Is it the first? The one that lets me say whatever I want and worship Satan?
Nooooope, not that one.
Is it the twenty-first? The one that repealed prohibition and brought back booze (even though it never technically left…)?
Getting warmer, but still no.
Is the nineteenth amendment, the one that lets me vote?
No, but that one comes in a very close second.
It’s the seventeenth!
You know… the seventeenth!
Oh, you don’t know? (I understand that certain people reading this WILL know. Obviously I’m not talking to you Constitution-memorizers, so shut up.)
The seventeenth amendment to our Constitution lets us elect our states’ senators.
Americans are often guilty–and I too was often guilty–of forgetting that there was a time in which AMERICANS COULDN’T ELECT THEIR OWN SENATORS. That sounds pretty ridiculous now (or at least it does to me), but even more ridiculous is that people often WANT to forget about this crucial truth about the history of our government because ultimately the reason that we couldn’t elect our own senators was because our founding fathers DID NOT TRUST US. They didn’t trust the masses, whom they believed were uneducated and incapable of making sound, informed decisions. The vast majority of our founding fathers, actually, were anti-democracy. “Okay,” you’re saying, “that’s one step too far.” But no, seriously. First you have to understand that “democracy” referred to “direct democracy”. This is rule by the masses, essentially what was practiced in many places during that whole Greco-Roman period. All native-born, non-enslaved, male citizens (so, okay, not everybody) could vote on literally every single issue that came up within their city. Are we going to war? Should we put a recycling bin in the Temple of Dionysus? Which one of us should be the new magistrate? However, our founding fathers thought that this would be a very, very, very bad idea. Not to mention impossible… With such a large population, nothing would ever get done (not that it does now…) if everybody was allowed to vote on every tiny little thing. There had to be some centralized authority. Which is how we got a representative republic. The “House of Representatives” was meant to represent the general public, while the Senate was viewed as a more exclusive body.The belief was that the masses rarely know what’s good for them, and that a stupid majority would be a dangerously powerful stupid majority within a direct democracy, so the Senate, elected by state legislatures, was meant to counteract this. Seems sane enough, right?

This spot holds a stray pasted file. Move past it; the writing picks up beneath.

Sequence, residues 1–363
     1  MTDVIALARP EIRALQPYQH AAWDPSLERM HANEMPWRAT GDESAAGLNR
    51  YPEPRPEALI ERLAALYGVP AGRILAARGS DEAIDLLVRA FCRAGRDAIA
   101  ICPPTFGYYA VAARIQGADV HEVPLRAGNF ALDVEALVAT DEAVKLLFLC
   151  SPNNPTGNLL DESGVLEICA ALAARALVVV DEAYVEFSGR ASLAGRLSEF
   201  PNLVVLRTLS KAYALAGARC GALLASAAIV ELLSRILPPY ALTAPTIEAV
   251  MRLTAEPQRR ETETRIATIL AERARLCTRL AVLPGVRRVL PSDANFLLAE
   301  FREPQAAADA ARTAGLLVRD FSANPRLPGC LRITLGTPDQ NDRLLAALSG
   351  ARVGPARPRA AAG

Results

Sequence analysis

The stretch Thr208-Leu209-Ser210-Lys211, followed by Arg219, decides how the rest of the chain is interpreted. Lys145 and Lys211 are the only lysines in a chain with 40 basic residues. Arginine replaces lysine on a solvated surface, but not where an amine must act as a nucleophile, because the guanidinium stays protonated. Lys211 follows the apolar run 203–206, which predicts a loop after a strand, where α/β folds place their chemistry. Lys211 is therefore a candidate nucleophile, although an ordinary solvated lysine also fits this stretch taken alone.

Yeah, no. If you can’t trust the people you’re governing, why even let them into the system in the first place? Oh, yeah, because you need them to do your dirty work for you. We can’t all be plantation owners, some of us have to pick the goddamn oranges. And we need to respect the people who pick the goddamn oranges, who flip the patties, who clean the museum floors at night, because they need to be heard, they are perfectly capable of making informed decisions, and they are people, too.